“The insurance industry is not particularly attractive to the so-called ‘millennials’—people who turned 21 in 2000 or later.”

That’s what my co-author, Rob Salkowitz, and I said in a recent article in The New York Times. We were talking about the aging workforce in the insurance industry. By some estimates, more than half of US life insurance agents are above the age of 45, while almost 70 percent of claims adjusters are at least 45 years old.

While the problem of an aging workforce is not unique to insurance, it is more of a problem because of the industry’s hierarchical structure and perceived lack of glamour. And, as the workforce gets older, the divide between current workers and the workers they need to attract grows.

What millennials want

The insurance industry was built on an apprentice structure, with a long learning curve and promotions that are commensurate with time spent in the industry. As a highly regulated industry, the rules and regulations are stringent. Contrast that with the millennial expectations of the workforce, which includes rapid feedback, flat organizational structure and dynamic options for career development.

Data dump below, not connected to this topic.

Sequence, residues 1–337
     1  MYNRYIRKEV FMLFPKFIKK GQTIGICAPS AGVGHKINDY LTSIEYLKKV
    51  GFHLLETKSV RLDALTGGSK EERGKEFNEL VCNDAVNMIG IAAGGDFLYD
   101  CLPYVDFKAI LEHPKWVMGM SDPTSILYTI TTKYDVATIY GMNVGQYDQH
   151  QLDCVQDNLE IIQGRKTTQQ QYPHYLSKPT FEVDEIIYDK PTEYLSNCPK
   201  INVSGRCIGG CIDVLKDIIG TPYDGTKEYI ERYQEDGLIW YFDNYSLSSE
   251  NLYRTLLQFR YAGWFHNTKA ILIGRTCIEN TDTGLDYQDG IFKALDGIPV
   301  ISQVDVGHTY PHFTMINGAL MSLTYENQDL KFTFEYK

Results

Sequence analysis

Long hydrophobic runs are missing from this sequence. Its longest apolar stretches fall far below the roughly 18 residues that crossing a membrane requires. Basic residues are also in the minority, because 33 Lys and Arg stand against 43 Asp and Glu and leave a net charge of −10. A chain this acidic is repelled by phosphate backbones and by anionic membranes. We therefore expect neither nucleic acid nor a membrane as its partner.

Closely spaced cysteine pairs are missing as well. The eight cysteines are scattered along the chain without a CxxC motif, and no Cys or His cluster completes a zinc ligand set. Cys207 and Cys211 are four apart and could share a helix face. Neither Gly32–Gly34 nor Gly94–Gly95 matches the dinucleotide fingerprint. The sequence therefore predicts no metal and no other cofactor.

Further, the digital divide is proving to be challenging. Millennials have grown up in a digital culture, constantly connected to their peers and sharing information. This has resulted in a demographic that is increasingly collaborative and team-oriented. Due to the ability to be connected whenever and wherever they are, they seek flexibility in work schedules and locations.

Most of all, though, the digital divide has changed the expectation for how and when information is shared. With the advent of smartphones and social networking, millennials are connected all the time, and expect a workforce that allows equally flexible access and connectivity.

Integrating millennials into the current workplace

The trick, then, is two-fold: attract millennials to the industry while continuing to engage older workers. As much as the industry needs millennials, millennials need the expertise and experience that older workers bring.

As a first step, managers can encourage communication between the IT department and human resources. By opening a dialogue between the two departments, they can come up with a cohesive approach to attract and retain an enthusiastic, technology-savvy workforce of younger workers.

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